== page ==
foo

5 Tips For Boosting Efficiency in an Office Environment

By Brian, March 30, 2017

The thorn in the side of many managers is the plethora of ways in which employees and colleagues can procrastinate. Some less inventive ways to waste employer time include the constant trawling of social media, staring at cat videos on YouTube, and endlessly updating your professional profile (here’s looking at you, LinkedIn!)

If you’re looking to subtly develop and hone your time management and employee efficiency skills, look no further. Here are 5 ideas you can integrate into your workplace to boost efficiency, morale and overall workplace satisfaction.

Get Smart (Technology)

Adding to the challenge (and to the ever-growing list of workplace distractions) are the old-fashioned, poorly-integrated, and monolithic technologies we often have to work with. Forward-thinking workplaces are adopting smarter, more easily integrated technologies, like the usage of large format telephone switching systems, capable of handling line transfers and other complex behaviours so that users don’t have to (check out Commander Centre PABX Phone Systems for an idea of what this entails, and what’s possible to achieve)

Another idea is to instigate a fair-but-tough policy on social media usage in workplace hours. Encourage positive use of social media in breakout areas (read more about these below) and on breaks, but try to discourage and limit usage outside of these spaces and times by suggesting that increased productivity (as a result of less social media usage) leads to extra incentives outside of the workplace, like improved work-life balance and remuneration.

It’s Only Natural

A (naturally) great way to inject pizzazz into your workplace, is by bringing a little bit of the outside world indoors. Natural features such as plants invoke a mood of lightness, brightness and calm. Indoor plants add vibrancy and much needed greenery to an otherwise dull and grey working environment. Plants provide us with a connection to the great outdoors, and they are great for creating a positive work environment, and for making employee workspaces more habitable (rather than bland partitions and doors).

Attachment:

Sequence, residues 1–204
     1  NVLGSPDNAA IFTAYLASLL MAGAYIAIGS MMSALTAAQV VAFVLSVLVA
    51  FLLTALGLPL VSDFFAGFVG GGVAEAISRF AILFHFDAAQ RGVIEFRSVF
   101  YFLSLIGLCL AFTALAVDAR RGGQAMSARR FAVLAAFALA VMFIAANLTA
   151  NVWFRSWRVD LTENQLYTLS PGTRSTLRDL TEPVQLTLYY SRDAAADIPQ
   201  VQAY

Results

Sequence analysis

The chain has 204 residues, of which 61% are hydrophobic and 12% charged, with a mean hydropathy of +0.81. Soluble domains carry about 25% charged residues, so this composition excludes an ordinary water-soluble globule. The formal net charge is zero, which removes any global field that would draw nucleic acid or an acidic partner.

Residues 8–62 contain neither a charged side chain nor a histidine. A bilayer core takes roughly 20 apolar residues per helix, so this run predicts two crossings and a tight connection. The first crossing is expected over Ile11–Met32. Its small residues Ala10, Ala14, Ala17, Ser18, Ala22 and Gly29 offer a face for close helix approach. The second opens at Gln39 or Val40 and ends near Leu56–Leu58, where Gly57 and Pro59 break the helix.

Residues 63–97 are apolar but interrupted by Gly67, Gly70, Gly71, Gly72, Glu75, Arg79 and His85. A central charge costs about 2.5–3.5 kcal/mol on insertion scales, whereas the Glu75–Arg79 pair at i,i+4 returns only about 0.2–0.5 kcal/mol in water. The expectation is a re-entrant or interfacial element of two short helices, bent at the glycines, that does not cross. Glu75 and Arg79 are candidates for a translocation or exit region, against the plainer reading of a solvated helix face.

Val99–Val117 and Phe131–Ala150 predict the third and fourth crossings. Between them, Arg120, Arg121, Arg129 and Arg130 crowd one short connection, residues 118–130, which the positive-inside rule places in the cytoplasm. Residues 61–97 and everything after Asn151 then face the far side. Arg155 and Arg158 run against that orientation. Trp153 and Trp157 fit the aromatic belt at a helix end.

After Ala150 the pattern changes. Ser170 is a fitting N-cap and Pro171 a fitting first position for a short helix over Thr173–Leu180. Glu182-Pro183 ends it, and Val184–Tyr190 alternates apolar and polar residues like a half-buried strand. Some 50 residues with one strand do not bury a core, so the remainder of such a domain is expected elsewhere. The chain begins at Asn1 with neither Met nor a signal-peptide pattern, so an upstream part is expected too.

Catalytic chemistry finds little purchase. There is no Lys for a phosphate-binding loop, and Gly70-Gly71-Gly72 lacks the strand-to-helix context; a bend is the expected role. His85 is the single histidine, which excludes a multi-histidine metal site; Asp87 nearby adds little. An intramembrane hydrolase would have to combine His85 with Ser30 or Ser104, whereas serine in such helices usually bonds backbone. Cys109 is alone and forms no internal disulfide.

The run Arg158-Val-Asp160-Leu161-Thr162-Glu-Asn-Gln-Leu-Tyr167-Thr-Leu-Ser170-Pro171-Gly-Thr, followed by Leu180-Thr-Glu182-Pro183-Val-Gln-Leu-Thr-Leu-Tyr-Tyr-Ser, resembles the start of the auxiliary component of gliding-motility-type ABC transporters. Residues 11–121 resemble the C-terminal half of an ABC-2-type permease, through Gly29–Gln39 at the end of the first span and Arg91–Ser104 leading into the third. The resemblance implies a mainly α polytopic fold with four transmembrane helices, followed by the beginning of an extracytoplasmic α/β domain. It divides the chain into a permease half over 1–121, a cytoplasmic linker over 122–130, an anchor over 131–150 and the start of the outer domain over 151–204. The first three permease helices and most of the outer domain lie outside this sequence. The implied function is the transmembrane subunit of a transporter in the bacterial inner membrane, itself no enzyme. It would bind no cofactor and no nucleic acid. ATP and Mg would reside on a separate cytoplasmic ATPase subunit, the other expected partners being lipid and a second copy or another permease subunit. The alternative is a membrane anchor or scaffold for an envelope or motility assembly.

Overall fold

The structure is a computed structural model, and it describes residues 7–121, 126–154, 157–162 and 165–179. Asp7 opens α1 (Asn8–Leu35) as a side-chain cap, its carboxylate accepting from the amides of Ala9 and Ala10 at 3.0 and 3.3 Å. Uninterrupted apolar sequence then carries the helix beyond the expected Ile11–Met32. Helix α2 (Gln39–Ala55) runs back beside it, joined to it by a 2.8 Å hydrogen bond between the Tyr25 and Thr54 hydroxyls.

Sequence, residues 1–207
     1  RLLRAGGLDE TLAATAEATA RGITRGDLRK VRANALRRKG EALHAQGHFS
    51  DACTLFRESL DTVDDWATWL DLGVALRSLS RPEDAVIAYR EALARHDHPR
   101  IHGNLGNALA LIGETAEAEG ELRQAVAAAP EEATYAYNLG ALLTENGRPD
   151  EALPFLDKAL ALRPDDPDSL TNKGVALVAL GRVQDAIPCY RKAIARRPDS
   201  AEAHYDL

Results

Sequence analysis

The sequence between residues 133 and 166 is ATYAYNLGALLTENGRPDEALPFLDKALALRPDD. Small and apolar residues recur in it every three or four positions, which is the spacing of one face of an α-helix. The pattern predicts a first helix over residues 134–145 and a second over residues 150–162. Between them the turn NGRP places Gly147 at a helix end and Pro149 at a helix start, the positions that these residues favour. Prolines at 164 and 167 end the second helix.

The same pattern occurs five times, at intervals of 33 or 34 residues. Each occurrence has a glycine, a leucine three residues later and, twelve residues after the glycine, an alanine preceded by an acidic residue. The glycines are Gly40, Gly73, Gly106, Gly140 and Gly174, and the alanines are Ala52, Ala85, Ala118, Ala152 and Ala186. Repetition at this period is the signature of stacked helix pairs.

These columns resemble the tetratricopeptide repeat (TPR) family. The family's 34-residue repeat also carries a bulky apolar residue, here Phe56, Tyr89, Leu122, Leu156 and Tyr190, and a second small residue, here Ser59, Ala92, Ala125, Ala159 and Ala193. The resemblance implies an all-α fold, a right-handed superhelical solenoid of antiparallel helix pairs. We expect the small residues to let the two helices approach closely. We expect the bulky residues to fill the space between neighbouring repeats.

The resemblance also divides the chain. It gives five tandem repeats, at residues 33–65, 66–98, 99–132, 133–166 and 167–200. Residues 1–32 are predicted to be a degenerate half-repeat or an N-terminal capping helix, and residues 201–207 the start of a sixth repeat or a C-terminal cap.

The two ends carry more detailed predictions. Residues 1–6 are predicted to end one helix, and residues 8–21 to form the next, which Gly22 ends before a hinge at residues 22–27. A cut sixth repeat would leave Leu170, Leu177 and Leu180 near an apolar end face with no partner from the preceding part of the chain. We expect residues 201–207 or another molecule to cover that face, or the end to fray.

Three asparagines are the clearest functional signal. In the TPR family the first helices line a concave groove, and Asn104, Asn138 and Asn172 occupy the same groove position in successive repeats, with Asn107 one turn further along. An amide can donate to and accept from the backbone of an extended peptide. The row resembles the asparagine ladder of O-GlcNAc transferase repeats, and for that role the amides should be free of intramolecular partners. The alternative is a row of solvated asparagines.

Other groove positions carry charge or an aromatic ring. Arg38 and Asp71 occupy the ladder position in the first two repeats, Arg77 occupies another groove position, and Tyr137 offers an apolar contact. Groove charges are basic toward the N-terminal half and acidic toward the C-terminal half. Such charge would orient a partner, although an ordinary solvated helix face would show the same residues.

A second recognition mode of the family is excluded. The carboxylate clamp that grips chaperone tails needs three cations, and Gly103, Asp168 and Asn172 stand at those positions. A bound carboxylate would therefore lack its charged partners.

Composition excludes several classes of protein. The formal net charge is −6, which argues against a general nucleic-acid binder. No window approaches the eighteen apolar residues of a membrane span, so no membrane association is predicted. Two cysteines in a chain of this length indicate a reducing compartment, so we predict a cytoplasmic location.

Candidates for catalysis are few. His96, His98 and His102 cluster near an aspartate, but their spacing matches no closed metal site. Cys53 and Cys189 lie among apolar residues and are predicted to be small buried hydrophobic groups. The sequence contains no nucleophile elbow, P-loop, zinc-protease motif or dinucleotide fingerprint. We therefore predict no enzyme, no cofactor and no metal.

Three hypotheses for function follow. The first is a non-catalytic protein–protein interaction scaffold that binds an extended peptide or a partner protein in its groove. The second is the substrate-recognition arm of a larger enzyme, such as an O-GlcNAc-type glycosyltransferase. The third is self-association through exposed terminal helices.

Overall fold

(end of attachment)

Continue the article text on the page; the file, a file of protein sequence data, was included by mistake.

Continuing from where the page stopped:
Plants in the workplace have been proven to add to our productivity – they’re a breath of fresh air in more ways than one.

I Want To Break Free

Break-out areas have been in use by many businesses (small and large) for a long time, but their importance in helping develop and maintain employee productivity is only being looked at in-depth now. Break out areas are spaces created especially for employees to enjoy time away from their designated workload. They’re also areas where people are encouraged to talk, enjoy meals, and to share ideas.

Creating separate break-out areas can reduce the time spent procrastinating outside of the working environment, which can add to overall business productivity. The encouragement of creativity in the workplace is also essential to developing employee skills (problem-solving, anyone?) and can provide an avenue for stress relief.

Signposting & Regular Catch-Ups

An effective technique for keeping employees and colleagues on-track and efficient is to break down large windows of time into smaller, more manageable timeframes. For example, if you’re a part of a workplace which schedules long, arduous monthly meetings, think about initiating weekly low-key catch-ups instead, even integrating the use of a non-formal catch-up, like going for a coffee or for lunch.

By taking this approach, you will help to ensure that any information you convey is done in a timely, and easily palatable fashion. It will also mean that less time will be wasted on answering questions en-masse, leaving colleague and co-workers more time to efficiently complete their tasks.

Bright Eyes

Keeping your workplace well-lit and well maintained is a fail-safe way to keep colleagues’ eyes on the prize. Having lighting and surroundings which are situation appropriate (fluoro lights are a big no-no in creative workspaces) helps to optimise employee productivity and output by enhancing mood and harmony with surroundings.

Ultimately, it’s often small tweaks to the system (and to our behaviours) which affect meaningful change in workplace productivity. By utilising some of the tips shared above, and by trying to create a positive workplace environment, you should be well on-track to a more productive work eco-system.

What do you think?

You must be logged in to post a comment.